Wednesday, January 29, 2014

Theology for the 21st Century

When a person becomes a new member, they receive a book “A Chosen Faith.” The book is written by two well know Unitarian Universalist Ministers. John Buerhrens, former President of the Unitarian Universalist Association and Forrest Church, who is the son of former Idaho Governor Frank Church. Forrest Church had been a successful ministry at  All Souls Church on the upper east side of New York City prior to his passing in 2009.  First I would ask you to focus on the title.  Our Chosen Faith. Unlike many other religions, which most people attend due to their birthrights, many of us have chosen to leave our birth religion and we have chosen to come together in this religion. Even those of you who were born UU, or with no religious background, we consciously choose to come here not out of sense of obligation, but out of a desire for a richer deeper real religious experience than we could find elsewhere
In the book Church wrote a chapter entitled The Cathedral of the world.  He uses the image of a cathedral as a metaphor for our world. I recommend you read the book if you have not, I will read a short passage for you.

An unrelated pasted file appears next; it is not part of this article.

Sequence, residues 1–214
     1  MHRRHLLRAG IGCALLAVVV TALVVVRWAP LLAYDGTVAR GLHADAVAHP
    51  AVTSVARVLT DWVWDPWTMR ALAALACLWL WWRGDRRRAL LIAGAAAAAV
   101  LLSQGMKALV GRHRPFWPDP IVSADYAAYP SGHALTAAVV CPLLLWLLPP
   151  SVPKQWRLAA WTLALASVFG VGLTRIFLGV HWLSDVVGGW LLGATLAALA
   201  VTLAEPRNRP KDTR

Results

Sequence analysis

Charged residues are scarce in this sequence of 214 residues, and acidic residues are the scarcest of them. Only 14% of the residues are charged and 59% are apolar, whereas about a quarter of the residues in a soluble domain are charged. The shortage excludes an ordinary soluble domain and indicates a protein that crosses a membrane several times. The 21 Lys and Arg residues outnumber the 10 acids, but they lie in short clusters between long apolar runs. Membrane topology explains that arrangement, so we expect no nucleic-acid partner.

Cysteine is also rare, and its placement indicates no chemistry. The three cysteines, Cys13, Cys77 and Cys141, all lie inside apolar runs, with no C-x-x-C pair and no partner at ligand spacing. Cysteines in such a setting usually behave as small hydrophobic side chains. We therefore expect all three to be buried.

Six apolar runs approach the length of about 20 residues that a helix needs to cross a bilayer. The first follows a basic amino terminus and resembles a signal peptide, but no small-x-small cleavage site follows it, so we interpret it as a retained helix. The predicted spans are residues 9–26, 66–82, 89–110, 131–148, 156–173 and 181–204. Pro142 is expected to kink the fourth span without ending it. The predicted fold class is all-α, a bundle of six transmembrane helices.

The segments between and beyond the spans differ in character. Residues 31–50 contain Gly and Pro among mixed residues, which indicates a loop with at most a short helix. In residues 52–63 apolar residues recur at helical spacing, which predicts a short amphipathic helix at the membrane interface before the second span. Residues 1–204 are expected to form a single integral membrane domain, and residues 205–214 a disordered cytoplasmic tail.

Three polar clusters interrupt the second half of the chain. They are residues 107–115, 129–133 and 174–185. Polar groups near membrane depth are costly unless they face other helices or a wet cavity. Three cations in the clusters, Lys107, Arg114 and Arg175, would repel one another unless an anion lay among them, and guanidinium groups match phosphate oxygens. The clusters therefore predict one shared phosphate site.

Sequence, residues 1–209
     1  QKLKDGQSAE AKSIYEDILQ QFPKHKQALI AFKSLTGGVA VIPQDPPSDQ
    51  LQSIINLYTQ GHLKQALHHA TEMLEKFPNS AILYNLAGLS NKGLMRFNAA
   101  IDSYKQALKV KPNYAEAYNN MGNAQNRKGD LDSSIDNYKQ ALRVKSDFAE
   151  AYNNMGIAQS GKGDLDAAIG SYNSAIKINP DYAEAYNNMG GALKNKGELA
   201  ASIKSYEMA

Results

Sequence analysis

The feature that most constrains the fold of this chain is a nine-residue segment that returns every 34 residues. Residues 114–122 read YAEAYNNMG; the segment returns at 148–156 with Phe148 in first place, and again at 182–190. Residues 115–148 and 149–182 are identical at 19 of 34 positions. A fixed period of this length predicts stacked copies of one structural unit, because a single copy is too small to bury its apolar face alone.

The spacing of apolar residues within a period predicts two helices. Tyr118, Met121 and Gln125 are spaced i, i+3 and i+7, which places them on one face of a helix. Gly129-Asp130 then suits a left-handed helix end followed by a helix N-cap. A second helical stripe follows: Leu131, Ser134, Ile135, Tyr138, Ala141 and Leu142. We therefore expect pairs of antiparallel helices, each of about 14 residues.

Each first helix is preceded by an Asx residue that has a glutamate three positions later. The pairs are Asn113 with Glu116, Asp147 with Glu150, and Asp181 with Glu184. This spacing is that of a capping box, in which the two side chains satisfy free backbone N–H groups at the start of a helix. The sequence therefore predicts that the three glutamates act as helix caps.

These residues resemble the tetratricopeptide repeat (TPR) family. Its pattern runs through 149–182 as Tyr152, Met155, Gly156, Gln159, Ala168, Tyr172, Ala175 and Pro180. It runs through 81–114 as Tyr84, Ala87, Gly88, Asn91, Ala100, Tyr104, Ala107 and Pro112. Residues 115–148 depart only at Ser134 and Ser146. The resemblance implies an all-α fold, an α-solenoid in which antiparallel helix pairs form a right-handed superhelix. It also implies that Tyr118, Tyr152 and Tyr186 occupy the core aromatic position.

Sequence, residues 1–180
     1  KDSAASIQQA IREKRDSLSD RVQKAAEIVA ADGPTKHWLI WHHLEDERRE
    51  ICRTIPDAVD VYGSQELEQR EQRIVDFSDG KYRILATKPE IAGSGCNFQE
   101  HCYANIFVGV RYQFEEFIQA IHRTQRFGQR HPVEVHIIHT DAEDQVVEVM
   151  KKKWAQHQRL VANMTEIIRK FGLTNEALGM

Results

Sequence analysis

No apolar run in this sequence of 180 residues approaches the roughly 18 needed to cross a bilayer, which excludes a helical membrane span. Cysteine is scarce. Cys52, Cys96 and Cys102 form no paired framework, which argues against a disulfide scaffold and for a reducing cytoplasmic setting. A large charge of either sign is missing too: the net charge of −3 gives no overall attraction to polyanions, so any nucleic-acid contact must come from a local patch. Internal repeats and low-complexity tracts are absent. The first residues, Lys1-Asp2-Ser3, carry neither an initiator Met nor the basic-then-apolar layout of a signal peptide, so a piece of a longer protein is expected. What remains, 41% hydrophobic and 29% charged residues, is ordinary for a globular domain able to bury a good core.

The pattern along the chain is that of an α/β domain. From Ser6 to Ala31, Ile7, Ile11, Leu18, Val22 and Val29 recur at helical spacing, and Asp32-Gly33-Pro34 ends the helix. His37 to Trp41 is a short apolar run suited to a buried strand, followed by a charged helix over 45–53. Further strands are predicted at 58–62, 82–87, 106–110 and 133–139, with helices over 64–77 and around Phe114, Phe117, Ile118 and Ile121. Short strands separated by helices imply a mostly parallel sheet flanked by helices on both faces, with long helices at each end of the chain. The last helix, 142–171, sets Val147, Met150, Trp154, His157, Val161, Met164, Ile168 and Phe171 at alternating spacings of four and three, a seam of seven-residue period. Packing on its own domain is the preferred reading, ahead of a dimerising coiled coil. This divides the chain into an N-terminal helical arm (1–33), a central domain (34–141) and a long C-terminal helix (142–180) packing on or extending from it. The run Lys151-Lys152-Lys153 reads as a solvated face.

“The builders have labored in this cathedral from time immemorial. Daily, work begins that shall not be finished in the lifetime of the architects who planned, the patrons who paid for it, the builders who construct, or the expectant worshipers. Nonetheless throughout human history, one generation after another has labored lovingly, sometimes fearfully, crafting memorials and consecrating shrines. Untold centuries or millennia ago, from their once respected places, lie shattered on the cathedral floor. Not a moment passes without the dream of long dead dreamers being outstripped, crushed, or abandoned, giving way to new vision, each immortal in reach, ephemeral in grasp”

Since time immemorial there has been the concept of the oneness of all things. The concept that we come from some common source. Ours is a religion that proclaims that.  The formal origins of Unitarianism as a religion come from King Sigismund in Transylvania in 1568.  During this time in much of Europe the Unitarians were being harassed and oppressed.